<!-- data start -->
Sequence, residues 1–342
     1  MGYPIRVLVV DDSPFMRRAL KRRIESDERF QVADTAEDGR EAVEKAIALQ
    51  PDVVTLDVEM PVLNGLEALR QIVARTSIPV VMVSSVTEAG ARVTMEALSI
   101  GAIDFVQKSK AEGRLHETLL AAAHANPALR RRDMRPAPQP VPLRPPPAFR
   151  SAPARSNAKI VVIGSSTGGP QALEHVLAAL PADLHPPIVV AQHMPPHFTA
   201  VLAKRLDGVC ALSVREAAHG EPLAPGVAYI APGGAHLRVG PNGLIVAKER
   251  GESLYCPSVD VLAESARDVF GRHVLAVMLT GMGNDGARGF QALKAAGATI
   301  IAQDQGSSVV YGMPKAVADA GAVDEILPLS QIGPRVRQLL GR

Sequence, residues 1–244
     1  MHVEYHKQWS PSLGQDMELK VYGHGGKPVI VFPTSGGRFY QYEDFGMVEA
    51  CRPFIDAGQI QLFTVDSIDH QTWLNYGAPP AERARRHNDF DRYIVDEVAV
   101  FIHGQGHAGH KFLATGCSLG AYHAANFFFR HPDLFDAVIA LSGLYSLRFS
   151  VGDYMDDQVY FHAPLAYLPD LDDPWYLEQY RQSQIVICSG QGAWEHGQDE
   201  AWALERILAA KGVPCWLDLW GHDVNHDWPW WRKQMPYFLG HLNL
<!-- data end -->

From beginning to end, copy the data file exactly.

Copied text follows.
Sequence, residues 1–342
     1  MGYPIRVLVV DDSPFMRRAL KRRIESDERF QVADTAEDGR EAVEKAIALQ
    51  PDVVTLDVEM PVLNGLEALR QIVARTSIPV VMVSSVTEAG ARVTMEALSI
   101  GAIDFVQKSK AEGRLHETLL AAAHANPALR RRDMRPAPQP VPLRPPPAFR
   151  SAPARSNAKI VVIGSSTGGP QALEHVLAAL PADLHPPIVV AQHMPPHFTA
   201  VLAKRLDGVC ALSVREAAHG EPLAPGVAYI APGGAHLRVG PNGLIVAKER
   251  GESLYCPSVD VLAESARDVF GRHVLAVMLT GMGNDGARGF QALKAAGATI
   301  IAQDQGSSVV YGMPKAVADA GAVDEILPLS QIGPRVRQLL GR

Sequence, residues 1–244
     1  MHVEYHKQWS PSLGQDMELK VYGHGGKPVI VFPTSGGRFY QYEDFGMVEA
    51  CRPFIDAGQI QLFTVDSIDH QTWLNYGAPP AERARRHNDF DRYIVDEVAV
   101  FIHGQGHAGH KFLATGCSLG AYHAANFFFR HPDLFDAVIA LSGLYSLRFS
   151  VGDYMDDQVY FHAPLAYLPD LDDPWYLEQY RQSQIVICSG QGAWEHGQDE
   201  AWALERILAA KGVPCWLDLW GHDVNHDWPW WRKQMPYFLG HLNL